How To Cripple Your Marriage With Bad Communication: Contempt (Part 2)

How To Cripple Your Marriage With Bad Communication: Contempt (Part 2)

A marriage improves over time as partners learn better ways to communicate. John Gottman, in his research, discovered patterns of communicating that he used to predict which marriages will succeed, and which will fail.

This is part two of a four-part series — Four communication styles that will cripple your marriage.

His research emphasizes four communication styles — The Four Horsemen of the Apocalypse — can lead to divorce, if left unaddressed.

The four horsemen are CriticismContemptDefensiveness, and Stonewalling.


Whereas criticism is divisive, contempt is considered the most corrosive of all four horsemen. In a marriage, contempt is attacking your partner with the intent of insulting him or her.

Feeling as if your partner is beneath you, cynicism and unfriendly sarcasm are ways contempt shows up in your marriage. Insults and name-calling — lazy, fat, stupid — becomes less about solving the conflict; and more about inflicting harm on your spouse.

Here’s an example…

Mike: “I’m considering running a 10k for a charity my job is sponsoring this summer.”

Celia: “You can’t be serious? You’re too lazy to walk around the block, and you think you can run a 10k? You’ll pass out before the halfway mark. Get real.”

Cutting remarks, mockery, tone of voice, and eye-rolling sends the message, “you disgust me,” to your spouse. Gottman considers it the best predictor of marital divorce.

Viewing your partner as worthless is the significant difference between criticism and contempt.

Criticism sees your partner as the problem in the marriage.
Contempt sees your partner as the problem, because of your disgust for him or her as a person.

It Builds Over Time

Contempt develops over time. Relational injuries are bound to happen; and if left unattended, they slowly erode the foundation of the marriage.

Ignoring emotional wounds contributes to infections that spreads to other areas of the relationship.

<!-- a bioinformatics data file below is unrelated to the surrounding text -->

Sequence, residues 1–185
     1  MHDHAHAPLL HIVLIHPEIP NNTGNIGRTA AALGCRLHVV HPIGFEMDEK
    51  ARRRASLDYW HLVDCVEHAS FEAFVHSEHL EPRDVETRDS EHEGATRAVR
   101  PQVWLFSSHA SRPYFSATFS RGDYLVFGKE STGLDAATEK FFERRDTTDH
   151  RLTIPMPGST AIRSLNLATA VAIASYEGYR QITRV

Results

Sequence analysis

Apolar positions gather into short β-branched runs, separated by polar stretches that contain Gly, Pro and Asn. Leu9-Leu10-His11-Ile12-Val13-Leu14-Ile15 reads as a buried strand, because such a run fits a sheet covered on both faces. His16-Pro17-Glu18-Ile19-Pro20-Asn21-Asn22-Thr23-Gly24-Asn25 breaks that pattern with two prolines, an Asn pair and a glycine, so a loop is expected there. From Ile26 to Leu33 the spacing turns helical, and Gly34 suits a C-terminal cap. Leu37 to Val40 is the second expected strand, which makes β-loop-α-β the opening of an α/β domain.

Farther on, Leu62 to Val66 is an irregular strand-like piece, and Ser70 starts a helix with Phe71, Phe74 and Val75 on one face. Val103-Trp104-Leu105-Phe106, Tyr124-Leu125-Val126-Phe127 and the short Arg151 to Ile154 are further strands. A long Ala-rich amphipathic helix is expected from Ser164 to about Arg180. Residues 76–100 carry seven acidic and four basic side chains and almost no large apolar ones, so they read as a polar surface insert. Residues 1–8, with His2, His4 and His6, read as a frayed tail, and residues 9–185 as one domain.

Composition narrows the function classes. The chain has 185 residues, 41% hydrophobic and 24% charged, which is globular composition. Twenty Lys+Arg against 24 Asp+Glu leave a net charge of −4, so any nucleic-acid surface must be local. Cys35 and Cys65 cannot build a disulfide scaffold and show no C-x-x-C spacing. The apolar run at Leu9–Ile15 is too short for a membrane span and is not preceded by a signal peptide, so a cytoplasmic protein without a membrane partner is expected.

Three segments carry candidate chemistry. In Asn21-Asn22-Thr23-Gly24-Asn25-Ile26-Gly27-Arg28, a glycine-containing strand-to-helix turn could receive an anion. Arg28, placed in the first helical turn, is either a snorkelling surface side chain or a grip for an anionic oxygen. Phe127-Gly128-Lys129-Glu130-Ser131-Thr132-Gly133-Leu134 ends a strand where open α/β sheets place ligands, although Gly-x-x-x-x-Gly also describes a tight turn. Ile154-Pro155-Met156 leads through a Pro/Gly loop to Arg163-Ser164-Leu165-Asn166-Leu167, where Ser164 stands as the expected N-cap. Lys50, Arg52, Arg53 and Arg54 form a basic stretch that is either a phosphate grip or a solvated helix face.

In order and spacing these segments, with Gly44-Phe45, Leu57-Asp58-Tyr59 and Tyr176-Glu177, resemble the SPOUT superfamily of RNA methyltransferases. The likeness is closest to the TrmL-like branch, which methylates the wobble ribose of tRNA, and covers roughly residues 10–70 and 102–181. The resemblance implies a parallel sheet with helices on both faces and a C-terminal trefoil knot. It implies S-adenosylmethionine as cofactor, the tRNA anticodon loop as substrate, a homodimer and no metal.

Intimacy suffers.

Risk of neglect increases.

Emotionally abandoning your partner is more likely.

Joking and laughing dies out.

Appreciation disappears.

You become complacent, bored, and disinterested. The fire of your marriage dulls — leaving the door wide open for contempt to make its entrance.

Contempt comes in on the back end of remorse that’s not genuine, apologies that don’t happen, and complaints that are ignored.

Unsettled anger from these small, but significant, moments lead to disgust. Relationships are built on small moments.

Ignoring your partner.


Intentional compliments.

Expressing appreciation.

Bandaging emotional wounds.

“I was wrong for what I said to you. I’m sorry.”

Positive or negative, small seemingly unimportant, words and actions decimates or strengthens your marriage. In the same way, ongoing negative thoughts about your spouse gives energy to contempt.

In contemptuous relationships, the goal is less about reconciliation. Expressing moral superiority takes the lead — “I’m better than you. My actions are justified, yours are not.”

The underlying message implied, if not directly stated, is…

Why are you here?

Why are you in my life?

Just leave!

You are useless.

Avoiding Contempt

Okay. I get it. Contempt isn’t helpful. How do I avoid it?

By not doing it! No, seriously….

Two ideas to consider in order to avoid contempt.

The first, more immediate, preventive action is to establish a habit of appreciation in your marriage.

Take a moment to meditate on the reasons you value your spouse. Yep. Why do you admire him or her?

Digging into the memories of your relationship story may be necessary.

Reminding yourself of your partner’s positive qualities sounds simple — but in reality its challenging when your marriage is in a distressed place.

But your sense of affection, honor, and respect towards your partner maintains the distance needed from contempt to revive the admiration that’s been lost.

You’re not done…

Verbally acknowledging your spouse’s positive qualities is like injecting fresh blood into a relationship that’s hemorrhaging.

Establishing a habit of appreciation won’t happen overnight. But stick with it. I like Gottman’s saying — small things often. Catch your spouse doing something right. And let him or her know you caught them.

The second, more long term, action is attending to, and bandaging up the emotional wounds that have been ignored.

Discussing incidents from the past that led to emotional wounds directly addresses the source of the disconnection.

While it’s not justifiable, understanding the unaddressed feelings of loneliness, abandonment, neglect, betrayal, and so on gives insight into the attitude, and behavior of your contemptuous spouse.

Exploring those more vulnerable feelings in safety repairs the wounds that were previously ignored, and helps couples reconnect.

Showing empathy for your partner’s injuries, and being able to fully express your own is how you overcome contempt.

Knowing your partner gets how he or she has injured you leaves little space for contempt to grow.

Once contempt has taken residence in your relationship, the process of evicting it is no easy task. But it’s not impossible.

Reconnecting through building a habit of appreciation, and repairing through addressing past emotional injuries are steps towards getting past contempt.


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